Matthew Henry's Commentary
The burden of Tyre. Howl, ye ships of Tarshish; for it is laid waste, so that there is no house, no entering in: from the land of Chittim it is revealed to them.
23:1-14 Tyre was the mart of the nations. She was noted for mirth and diversions; and this made her loth to consider the warnings God gave by his servants. Her merchants were princes, and lived like princes. Tyre being destroyed and laid waste, the merchants should abandon her. Flee to shift for thine own safety; but those that are uneasy in one place, will be so in another; for when God's judgments pursue sinners, they will overtake them. Whence shall all this trouble come? It is a destruction from the Almighty. God designed to convince men of the vanity and uncertainty of all earthly glory. Let the ruin of Tyre warn all places and persons to take heed of pride; for he who exalts himself shall be abased. God will do it, who has all power in his hand; but the Chaldeans shall be the instruments.
Be still, ye inhabitants of the isle; thou whom the merchants of Zidon, that pass over the sea, have replenished.
And by great waters the seed of Sihor, the harvest of the river, is her revenue; and she is a mart of nations.
Be thou ashamed, O Zidon: for the sea hath spoken, even the strength of the sea, saying, I travail not, nor bring forth children, neither do I nourish up young men, nor bring up virgins.
As at the report concerning Egypt, so shall they be sorely pained at the report of Tyre.
Pass ye over to Tarshish; howl, ye inhabitants of the isle.
Is this your joyous city, whose antiquity is of ancient days? her own feet shall carry her afar off to sojourn.
Who hath taken this counsel against Tyre, the crowning city, whose merchants are princes, whose traffickers are the honourable of the earth?
The LORD of hosts hath purposed it, to stain the pride of all glory, and to bring into contempt all the honourable of the earth.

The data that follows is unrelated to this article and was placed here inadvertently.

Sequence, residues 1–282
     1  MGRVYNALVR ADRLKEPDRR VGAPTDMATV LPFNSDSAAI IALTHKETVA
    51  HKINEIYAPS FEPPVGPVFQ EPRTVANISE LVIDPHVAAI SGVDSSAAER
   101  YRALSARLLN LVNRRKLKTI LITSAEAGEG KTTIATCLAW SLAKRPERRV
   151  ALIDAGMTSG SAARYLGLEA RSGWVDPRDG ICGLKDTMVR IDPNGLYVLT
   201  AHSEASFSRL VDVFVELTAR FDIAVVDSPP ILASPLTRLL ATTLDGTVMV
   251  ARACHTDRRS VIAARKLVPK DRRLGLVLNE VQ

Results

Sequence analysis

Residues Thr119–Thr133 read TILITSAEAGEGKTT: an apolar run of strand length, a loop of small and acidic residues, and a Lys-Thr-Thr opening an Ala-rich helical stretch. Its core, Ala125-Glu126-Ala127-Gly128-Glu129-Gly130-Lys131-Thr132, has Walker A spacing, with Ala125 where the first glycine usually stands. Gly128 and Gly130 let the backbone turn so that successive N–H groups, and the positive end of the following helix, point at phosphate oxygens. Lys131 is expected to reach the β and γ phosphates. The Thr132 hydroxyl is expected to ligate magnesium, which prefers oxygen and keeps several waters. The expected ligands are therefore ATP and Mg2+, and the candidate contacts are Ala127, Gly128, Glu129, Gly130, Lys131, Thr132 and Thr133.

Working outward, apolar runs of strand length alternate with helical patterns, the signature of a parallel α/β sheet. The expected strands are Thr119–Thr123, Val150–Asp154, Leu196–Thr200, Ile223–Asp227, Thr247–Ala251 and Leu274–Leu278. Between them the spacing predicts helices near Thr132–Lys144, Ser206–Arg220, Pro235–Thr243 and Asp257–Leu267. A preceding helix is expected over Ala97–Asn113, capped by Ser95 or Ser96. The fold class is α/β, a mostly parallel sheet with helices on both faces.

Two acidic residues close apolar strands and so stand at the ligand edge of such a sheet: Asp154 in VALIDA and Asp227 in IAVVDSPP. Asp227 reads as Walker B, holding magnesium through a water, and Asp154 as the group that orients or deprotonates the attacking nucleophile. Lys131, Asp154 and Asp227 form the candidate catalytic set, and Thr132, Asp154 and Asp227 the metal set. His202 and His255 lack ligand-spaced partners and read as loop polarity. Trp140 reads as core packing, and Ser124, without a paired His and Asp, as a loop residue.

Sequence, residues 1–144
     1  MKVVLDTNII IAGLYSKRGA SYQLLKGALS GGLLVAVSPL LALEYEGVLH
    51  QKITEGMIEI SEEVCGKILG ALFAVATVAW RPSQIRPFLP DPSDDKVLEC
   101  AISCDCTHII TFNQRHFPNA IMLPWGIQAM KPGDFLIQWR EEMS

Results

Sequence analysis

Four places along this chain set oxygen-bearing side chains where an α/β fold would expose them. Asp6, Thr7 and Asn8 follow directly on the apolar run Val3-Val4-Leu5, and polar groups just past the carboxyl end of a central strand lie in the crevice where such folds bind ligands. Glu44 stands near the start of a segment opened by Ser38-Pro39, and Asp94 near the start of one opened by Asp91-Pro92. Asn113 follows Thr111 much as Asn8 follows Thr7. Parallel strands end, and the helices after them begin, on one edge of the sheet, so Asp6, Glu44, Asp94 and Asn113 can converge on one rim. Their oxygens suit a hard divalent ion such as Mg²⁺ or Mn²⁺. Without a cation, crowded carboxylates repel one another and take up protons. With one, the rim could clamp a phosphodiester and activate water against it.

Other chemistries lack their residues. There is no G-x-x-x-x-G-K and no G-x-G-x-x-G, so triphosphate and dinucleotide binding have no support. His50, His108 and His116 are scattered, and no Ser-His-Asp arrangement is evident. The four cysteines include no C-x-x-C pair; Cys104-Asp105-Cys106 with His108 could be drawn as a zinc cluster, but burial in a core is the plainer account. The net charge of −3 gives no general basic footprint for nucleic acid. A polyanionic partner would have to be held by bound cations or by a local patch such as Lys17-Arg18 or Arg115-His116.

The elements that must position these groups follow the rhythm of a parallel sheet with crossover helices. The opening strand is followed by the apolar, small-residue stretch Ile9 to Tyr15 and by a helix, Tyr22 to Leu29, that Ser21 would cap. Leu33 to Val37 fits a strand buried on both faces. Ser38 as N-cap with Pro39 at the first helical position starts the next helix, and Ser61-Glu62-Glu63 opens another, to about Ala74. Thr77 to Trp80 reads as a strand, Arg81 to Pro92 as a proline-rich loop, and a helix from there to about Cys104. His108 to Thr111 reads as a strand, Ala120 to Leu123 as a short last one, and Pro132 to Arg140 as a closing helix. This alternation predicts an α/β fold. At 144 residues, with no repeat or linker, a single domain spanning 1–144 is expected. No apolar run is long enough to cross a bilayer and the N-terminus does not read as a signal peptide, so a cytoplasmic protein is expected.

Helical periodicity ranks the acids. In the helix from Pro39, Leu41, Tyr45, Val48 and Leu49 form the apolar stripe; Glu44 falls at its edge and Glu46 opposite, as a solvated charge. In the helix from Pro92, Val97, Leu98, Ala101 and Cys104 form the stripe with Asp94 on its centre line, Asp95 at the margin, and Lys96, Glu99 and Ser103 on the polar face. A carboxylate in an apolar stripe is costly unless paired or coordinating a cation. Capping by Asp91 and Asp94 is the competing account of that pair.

Pass through thy land as a river, O daughter of Tarshish: there is no more strength.
He stretched out his hand over the sea, he shook the kingdoms: the LORD hath given a commandment against the merchant city, to destroy the strong holds thereof.
And he said, Thou shalt no more rejoice, O thou oppressed virgin, daughter of Zidon: arise, pass over to Chittim; there also shalt thou have no rest.
Behold the land of the Chaldeans; this people was not, till the Assyrian founded it for them that dwell in the wilderness: they set up the towers thereof, they raised up the palaces thereof; and he brought it to ruin.
Howl, ye ships of Tarshish: for your strength is laid waste.
And it shall come to pass in that day, that Tyre shall be forgotten seventy years, according to the days of one king: after the end of seventy years shall Tyre sing as an harlot.
23:15-18 The desolations of Tyre were not to be for ever. The Lord will visit Tyre in mercy. But when set at liberty, she will use her old arts of temptation. The love of worldly wealth is spiritual idolatry; and covetousness is spiritual idolatry. This directs those that have wealth, to use it in the service of God. When we abide with God in our worldly callings, when we do all in our power to further the gospel, then our merchandise and hire are holiness to the Lord, if we look to his glory. Christians should carry on business as God's servants, and use riches as his stewards.
Take an harp, go about the city, thou harlot that hast been forgotten; make sweet melody, sing many songs, that thou mayest be remembered.
And it shall come to pass after the end of seventy years, that the LORD will visit Tyre, and she shall turn to her hire, and shall commit fornication with all the kingdoms of the world upon the face of the earth.
And her merchandise and her hire shall be holiness to the LORD: it shall not be treasured nor laid up; for her merchandise shall be for them that dwell before the LORD, to eat sufficiently, and for durable clothing.